Nakahara Prize goes to Hoshi.Takeo Hoshi, an NBER NBER National Bureau of Economic Research (Cambridge, MA)
NBER Nittany and Bald Eagle Railroad Company Research Associate from the University of California, San Diego UCSD is consistently ranked among the top ten public universities for undergraduate education in the United States by U.S. News & World Report. It is a Public Ivy.  For graduate studies, most of UCSD's Ph.D. , won the Japan Economic Association's 2005 Nakahara Prize. The prize is awarded every year to honor one outstanding Japanese economist under the age of 45. The committee cited Hoshi's work on the Japanese banking system. They said "he has been the forefront of analyzing both theoretical and empirical issues of the Japanese banking problem in the 1990s. He analyzed how the once highly regarded bank-centered Japanese financial system The main elements of Japan's financial system is much the same as those of other major industrialized nations: a commercial banking system, which accepted deposits, extended loans to businesses, and dealt in foreign exchange; specialized government-owned financial institutions, has become a liability to the entire economy." Since the founding of the award in 1995, Hoshi becomes the fourth NBER economist to win it.
In 1995, Fumio Hayashi of the University of Tokyo “Todai” redirects here. For the restaurant called Todai, see Todai (restaurant).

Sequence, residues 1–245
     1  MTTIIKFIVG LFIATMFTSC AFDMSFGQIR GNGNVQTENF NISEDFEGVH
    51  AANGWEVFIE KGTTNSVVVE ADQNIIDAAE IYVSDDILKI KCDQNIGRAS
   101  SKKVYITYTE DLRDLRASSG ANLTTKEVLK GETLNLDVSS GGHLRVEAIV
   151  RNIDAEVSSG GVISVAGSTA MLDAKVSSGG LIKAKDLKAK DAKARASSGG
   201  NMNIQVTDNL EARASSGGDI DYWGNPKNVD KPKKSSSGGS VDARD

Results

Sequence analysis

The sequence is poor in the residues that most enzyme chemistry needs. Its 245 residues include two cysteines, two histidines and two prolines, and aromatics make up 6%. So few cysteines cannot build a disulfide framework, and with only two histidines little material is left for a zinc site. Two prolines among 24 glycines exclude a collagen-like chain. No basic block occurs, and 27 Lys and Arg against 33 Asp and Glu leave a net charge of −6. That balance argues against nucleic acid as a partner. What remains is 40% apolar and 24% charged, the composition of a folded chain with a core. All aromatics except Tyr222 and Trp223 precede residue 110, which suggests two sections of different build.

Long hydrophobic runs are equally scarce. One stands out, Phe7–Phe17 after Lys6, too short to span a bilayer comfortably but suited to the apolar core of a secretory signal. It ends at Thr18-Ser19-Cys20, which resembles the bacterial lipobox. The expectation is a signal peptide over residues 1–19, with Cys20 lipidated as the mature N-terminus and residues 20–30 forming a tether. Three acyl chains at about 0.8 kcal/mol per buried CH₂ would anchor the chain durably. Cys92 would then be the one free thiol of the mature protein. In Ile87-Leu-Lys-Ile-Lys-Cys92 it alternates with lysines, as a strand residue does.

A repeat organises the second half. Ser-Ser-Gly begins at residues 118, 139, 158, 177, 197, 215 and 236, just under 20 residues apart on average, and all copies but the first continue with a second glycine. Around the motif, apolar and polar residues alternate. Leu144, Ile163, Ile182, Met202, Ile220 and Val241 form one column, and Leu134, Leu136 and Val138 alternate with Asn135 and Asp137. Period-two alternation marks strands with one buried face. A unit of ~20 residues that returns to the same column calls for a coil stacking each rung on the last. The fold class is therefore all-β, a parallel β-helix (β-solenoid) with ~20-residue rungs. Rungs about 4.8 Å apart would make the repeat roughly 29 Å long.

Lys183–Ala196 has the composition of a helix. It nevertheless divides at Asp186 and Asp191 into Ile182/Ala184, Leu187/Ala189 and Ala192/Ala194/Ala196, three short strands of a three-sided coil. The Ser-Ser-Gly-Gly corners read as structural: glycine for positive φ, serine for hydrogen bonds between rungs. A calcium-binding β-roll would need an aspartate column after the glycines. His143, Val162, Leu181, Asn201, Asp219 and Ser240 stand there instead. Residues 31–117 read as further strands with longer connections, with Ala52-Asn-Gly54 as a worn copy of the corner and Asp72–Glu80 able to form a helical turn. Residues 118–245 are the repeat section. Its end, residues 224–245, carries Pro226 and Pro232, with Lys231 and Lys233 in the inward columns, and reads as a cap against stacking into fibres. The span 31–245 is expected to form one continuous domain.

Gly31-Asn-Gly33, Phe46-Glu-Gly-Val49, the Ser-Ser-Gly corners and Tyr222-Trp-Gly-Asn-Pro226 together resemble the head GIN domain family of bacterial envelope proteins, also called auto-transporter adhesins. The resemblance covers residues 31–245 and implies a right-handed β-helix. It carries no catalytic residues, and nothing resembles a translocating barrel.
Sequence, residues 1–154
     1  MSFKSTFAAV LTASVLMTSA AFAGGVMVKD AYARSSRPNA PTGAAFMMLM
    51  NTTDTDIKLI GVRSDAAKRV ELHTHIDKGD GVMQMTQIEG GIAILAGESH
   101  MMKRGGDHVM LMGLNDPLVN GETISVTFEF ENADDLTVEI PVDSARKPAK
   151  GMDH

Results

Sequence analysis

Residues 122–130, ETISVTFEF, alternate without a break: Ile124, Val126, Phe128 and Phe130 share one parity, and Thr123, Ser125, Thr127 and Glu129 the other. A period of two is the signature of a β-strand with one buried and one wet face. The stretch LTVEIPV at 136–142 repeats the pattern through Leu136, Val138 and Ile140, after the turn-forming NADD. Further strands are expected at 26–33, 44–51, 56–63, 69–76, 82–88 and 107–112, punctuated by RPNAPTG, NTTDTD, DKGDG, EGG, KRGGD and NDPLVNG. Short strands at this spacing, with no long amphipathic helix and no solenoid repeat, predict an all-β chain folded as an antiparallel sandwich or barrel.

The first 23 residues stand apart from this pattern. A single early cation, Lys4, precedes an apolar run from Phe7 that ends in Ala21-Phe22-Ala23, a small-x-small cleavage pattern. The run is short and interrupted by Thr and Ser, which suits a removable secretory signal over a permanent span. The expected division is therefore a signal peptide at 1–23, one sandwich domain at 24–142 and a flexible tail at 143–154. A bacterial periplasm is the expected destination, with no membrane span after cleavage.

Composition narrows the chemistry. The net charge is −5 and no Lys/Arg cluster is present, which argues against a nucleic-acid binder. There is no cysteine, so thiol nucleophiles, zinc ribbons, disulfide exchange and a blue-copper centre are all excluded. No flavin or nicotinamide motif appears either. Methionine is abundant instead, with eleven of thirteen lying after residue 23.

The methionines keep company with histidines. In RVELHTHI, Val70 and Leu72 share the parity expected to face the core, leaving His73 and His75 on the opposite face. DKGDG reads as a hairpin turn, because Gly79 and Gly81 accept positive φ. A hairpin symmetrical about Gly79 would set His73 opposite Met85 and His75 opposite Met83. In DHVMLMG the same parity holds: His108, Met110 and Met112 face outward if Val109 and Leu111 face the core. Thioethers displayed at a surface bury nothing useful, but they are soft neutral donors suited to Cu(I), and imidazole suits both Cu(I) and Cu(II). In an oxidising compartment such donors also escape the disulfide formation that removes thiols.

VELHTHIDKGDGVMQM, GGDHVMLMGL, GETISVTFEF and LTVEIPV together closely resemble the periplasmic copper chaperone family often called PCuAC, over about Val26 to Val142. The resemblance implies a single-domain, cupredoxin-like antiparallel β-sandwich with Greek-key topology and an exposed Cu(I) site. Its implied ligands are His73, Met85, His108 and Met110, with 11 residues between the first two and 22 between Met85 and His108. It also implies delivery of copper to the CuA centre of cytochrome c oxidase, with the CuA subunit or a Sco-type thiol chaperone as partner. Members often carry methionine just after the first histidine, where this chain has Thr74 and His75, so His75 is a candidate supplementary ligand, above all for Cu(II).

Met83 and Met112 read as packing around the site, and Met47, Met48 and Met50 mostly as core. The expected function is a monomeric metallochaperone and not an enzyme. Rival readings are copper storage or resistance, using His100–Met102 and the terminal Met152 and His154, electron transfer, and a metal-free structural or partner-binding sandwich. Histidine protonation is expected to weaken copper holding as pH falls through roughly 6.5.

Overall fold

The University of Tokyo (東京大学 was chosen by the committee for his work in macroeconomics macroeconomics
Study of the entire economy in terms of the total amount of goods and services produced, total income earned, level of employment of productive resources, and general behaviour of prices. , particularly for making a "major contribution to our understanding of the rational expectations hypothesis by creating new inference methods and applying them to U.S. and Japanese data on consumption." In 1997, Nobuhiro Kiyotaki of the London School of Economics The School is a member of the Russell Group, the European University Association, Association of Commonwealth Universities, the Community of European Management Schools and International Companies, The Association of Professional Schools of International Affairs as well as the Golden was chosen for making "several outstanding contributions in the areas of macroeconomics and monetary economics by creating innovative original models and, thereby presenting new insights to old questions." In 2001, Charles Y. Horioka of Osaka University was selected for "several outstanding contributions in the areas of international capital flows and saving and consumption in Japan."
It is quite remarkable that four NBER Research Associates have won this important prize in the ten years since it began, as there are only a small number of Japanese NBER researchers who are eligible for this prize.